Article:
INTRODUCTION

The term “slow learner” is predominantly used within the pedagogical sphere to denote children facing learning challenges due to cognitive limitations or psychological issues [1]. The definition of slow learner varies among researchers. As highlighted by Professor Ranjana from India, slow learners possess the same potential as their average peers and do not exhibit explicit disabilities. However, they encounter difficulties in academic achievement and daily activities, which necessitate additional time and effort. Unlike children who receive special education, slow learners must adapt to conventional educational systems[2]. This group is considered heterogeneous, encompassing specific learning disabilities (SLD), borderline intellectual disabilities, and attention deficit/hyperactivity disorders (ADHD). Children with borderline intellectual functioning (BIF) are commonly referred to as slow learners.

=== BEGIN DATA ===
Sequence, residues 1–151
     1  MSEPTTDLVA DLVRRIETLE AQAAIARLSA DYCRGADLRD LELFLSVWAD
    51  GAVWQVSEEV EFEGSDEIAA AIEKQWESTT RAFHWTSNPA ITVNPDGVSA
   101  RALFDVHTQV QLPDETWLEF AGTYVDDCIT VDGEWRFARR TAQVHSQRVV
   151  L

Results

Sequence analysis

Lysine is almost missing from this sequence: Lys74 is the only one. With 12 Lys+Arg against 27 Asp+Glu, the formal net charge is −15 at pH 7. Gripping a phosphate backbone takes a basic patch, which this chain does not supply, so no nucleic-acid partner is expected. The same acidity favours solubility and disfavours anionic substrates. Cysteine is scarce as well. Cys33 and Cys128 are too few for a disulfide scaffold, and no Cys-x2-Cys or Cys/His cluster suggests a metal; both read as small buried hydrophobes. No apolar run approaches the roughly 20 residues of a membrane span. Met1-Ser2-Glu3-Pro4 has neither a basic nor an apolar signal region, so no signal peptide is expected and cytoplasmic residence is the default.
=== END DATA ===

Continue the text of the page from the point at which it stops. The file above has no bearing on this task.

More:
In the medical field, the concept and terminology of “BIF” have evolved over time. BIF is characterized by a limitation in intellectual capacity, which is attributed to various diverse causes. Alternative terms for BIF include borderline mental retardation, slow learning, mild cognitive impairment, and general learning disability [3]. The perception of BIF has shifted from being recognized as a disability to being considered a factor that requires attention or a risk indicator for other disorders.

Consequently, the definitions and understanding of slow learners and BIF have continuously changed, leading to ambiguity and challenges in quantification. This has impeded research on BIF. In this study, we aimed to review the epidemiology of BIF, examine the evolution of its diagnostic criteria, and evaluate the current diagnostic standards and their limitations.

METHODS